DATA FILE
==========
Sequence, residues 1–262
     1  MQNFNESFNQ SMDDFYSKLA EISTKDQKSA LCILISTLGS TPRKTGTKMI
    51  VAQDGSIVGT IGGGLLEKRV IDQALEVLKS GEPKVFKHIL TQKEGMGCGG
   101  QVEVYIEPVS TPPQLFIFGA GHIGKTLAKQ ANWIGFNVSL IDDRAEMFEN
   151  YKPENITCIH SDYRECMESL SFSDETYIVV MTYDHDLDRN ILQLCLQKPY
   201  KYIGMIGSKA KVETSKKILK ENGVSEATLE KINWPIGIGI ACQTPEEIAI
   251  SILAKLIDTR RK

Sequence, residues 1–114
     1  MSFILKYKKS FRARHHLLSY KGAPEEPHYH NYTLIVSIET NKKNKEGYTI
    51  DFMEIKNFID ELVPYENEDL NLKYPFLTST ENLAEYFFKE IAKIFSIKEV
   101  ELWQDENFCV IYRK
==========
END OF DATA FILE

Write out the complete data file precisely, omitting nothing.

Sequence, residues 1–262
     1  MQNFNESFNQ SMDDFYSKLA EISTKDQKSA LCILISTLGS TPRKTGTKMI
    51  VAQDGSIVGT IGGGLLEKRV IDQALEVLKS GEPKVFKHIL TQKEGMGCGG
   101  QVEVYIEPVS TPPQLFIFGA GHIGKTLAKQ ANWIGFNVSL IDDRAEMFEN
   151  YKPENITCIH SDYRECMESL SFSDETYIVV MTYDHDLDRN ILQLCLQKPY
   201  KYIGMIGSKA KVETSKKILK ENGVSEATLE KINWPIGIGI ACQTPEEIAI
   251  SILAKLIDTR RK

Sequence, residues 1–114
     1  MSFILKYKKS FRARHHLLSY KGAPEEPHYH NYTLIVSIET NKKNKEGYTI
    51  DFMEIKNFID ELVPYENEDL NLKYPFLTST ENLAEYFFKE IAKIFSIKEV
   101  ELWQDENFCV IYRK